Many Millennials Have the One Personality Trait Linked to Getting Rich

"That's definitely something that you hear said a lot."

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In the 60s, researchers at Stanford University used a marshmallow to determine whether kids would achieve future success with surprising accuracy. The results of the infamous Marshmallow Test sent a ripple effect though the word of social psychology. Now, a new study in Frontiers in Psychology puts a new spin on the old experiment, using machine learning to pinpoint the traits that predict which people will someday be rich. The results offer surprisingly positive news for millennials.

In the original experiment, researchers left children in a room with a lone marshmallow and a promise: If they could resist the temptation to eat the marshmallow after the experimenter left the room, they’d receive a second marshmallow at the end of the experiment. Years later, the kids who were able to resist the marshmallow long enough to get the second one (now called “delay discounting”) had higher SAT scores and lower BMIs. The researchers concluded that the ability to delay gratification was key to future success.

As the new study shows, the results of the marshmallow test hold up under 21st-century machine learning analysis, says lead author William Hampton Ph.D., formerly of Temple University but now a post-doc at the University of St. Gallen in Switzerland. But, as he explains to Inverse, the new analysis shows that predicting financial success is far more complicated than the original experiment showed.

“With the marshmallow test, they’re saying here’s this trait, it’s predictive. And then over the years, other people have examined what other factors might be important,” he tells Inverse. “It wasn’t clear from the research whether gender was more important or ethnicity or education. The algorithm takes all the features in, and it ranks them.”

In his analysis, Hampton had a diverse sample of more than 2,500 American participants complete a delay discounting task online and collected a variety of other demographic information about them, including income. Running his analysis on the data to determine the best predictor of income, he found that delay discounting beat out age, ethnicity, and height as the best predictor. The top predictors, however, were education and occupational choice.

One of the major reasons for the discrepancy between Hampton’s findings and those of the original experiment is that the original had a major design flaw. In the original marshmallow test, all 50 participants were born to families capable of sending their children to a Stanford-sponsored daycare. Follow-up work has since shown that the predictive power of delay discounting is blunted when you control for societal inequality. In other words, it’s easier to delay a meal when you know for sure when you’ll be getting another one.

A ranking of the traits that were most correlated with income in Hampton's analysis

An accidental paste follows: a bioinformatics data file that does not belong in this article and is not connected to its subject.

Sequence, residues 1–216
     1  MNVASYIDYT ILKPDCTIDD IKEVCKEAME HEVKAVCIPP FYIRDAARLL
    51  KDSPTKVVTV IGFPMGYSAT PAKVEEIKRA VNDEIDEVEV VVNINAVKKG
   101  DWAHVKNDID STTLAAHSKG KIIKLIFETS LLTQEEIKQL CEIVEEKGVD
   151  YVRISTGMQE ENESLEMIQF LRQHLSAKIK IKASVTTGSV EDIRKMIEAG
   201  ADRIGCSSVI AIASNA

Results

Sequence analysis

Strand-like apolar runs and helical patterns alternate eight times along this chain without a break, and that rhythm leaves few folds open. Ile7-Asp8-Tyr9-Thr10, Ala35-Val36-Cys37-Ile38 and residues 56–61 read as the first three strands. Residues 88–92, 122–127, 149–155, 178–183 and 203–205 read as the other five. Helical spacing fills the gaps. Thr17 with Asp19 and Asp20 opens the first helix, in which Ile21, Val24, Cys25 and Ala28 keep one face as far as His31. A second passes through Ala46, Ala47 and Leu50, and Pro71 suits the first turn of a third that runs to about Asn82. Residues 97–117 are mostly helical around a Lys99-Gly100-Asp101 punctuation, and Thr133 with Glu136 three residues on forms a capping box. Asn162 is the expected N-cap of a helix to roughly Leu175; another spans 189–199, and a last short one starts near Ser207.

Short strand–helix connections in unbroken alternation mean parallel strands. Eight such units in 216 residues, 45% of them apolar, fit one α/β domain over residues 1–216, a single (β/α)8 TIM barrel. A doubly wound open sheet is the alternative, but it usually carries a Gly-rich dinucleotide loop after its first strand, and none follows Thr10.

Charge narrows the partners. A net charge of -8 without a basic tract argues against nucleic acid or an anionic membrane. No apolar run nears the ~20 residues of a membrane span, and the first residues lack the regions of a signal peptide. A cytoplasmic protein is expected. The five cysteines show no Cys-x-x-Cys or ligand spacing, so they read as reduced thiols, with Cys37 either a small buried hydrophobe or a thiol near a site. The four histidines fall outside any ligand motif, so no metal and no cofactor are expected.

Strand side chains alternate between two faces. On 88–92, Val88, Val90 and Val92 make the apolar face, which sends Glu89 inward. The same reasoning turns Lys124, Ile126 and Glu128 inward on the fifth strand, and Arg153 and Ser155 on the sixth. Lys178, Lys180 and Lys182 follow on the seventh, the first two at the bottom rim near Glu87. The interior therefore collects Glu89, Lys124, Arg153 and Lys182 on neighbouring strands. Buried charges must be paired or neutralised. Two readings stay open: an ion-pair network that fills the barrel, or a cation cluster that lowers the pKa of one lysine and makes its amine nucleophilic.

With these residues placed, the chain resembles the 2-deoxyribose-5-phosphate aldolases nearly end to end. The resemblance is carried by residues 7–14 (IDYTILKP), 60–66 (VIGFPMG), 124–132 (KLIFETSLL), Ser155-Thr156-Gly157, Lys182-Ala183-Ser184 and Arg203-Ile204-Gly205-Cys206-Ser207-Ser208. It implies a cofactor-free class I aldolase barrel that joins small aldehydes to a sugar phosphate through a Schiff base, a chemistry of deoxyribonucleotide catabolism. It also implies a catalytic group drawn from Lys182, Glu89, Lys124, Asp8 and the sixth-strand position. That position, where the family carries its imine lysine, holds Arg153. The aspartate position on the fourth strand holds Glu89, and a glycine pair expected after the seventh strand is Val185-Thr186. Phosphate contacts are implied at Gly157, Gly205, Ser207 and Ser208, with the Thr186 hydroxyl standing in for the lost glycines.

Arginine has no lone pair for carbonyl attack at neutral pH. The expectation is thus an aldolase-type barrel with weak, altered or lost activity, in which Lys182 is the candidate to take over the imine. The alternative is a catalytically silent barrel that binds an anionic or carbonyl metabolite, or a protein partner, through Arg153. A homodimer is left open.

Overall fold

Frontiers in Psychology

Hampton’s work elegantly weighs the importance of the other variables that contribute to high income against one another. His findings show that delay discounting is important, but it’s not quite as important as previous experiments may lead us to believe.

How Do We Stack Up Now?

Today, Hampton’s algorithm echoes the Marshmallow Test’s findings on a much larger scale, underscoring the importance of delay discounting using machine learning. What’s less clear, however, is whether we’ve actually gotten any better at delayed discounting over the years. Among the many criticisms of millennials is that they’re spoiled by instant gratification, but Hampton thinks it’s too early to jump to conclusions about them or their future financial success.

In a study published this year in Developmental Psychology, a review of recreations of the Marshmallow Test from the 80s (on the edge of millennial birth years) and again in the aughts showed that kids who took the test in 1980 were able to resist the marshmallow for one minute longer, on average, than the original participants. Those who took the test in 2000 lasted an average of two minutes longer, suggesting younger millennials were getting better at delayed discounting.

Delay time has been increasing since the 1960s in subsequent recreations of the marshmallow test 

Developmental Psychology 

Hampton says that generational trends in delay discounting are outside of the scope of this particular study, but his best guess echoes the results of this new experiment: Don’t believe the gripes against millennials claiming they’re incapable of delayed gratification.

“Really your question is, ‘Are young people today higher discounters than the young people of the past?’” he muses. “I don’t think that’s been well established yet. That’s definitely something that you hear said a lot.”

This is an area of active research, he adds, so things may change as more studies emerge that correct, as his study did, the glaring design flaw of the original Marshmallow Test. Those studies will include a forthcoming paper of his own that investigates the effects of phone use on delay discounting in millennials.

For his part, Hampton would like to see his analysis used on data from a non-American sample to see whether his findings can be replicated cross-culturally. But the correlation, for now, is clear: good things come to those who wait.

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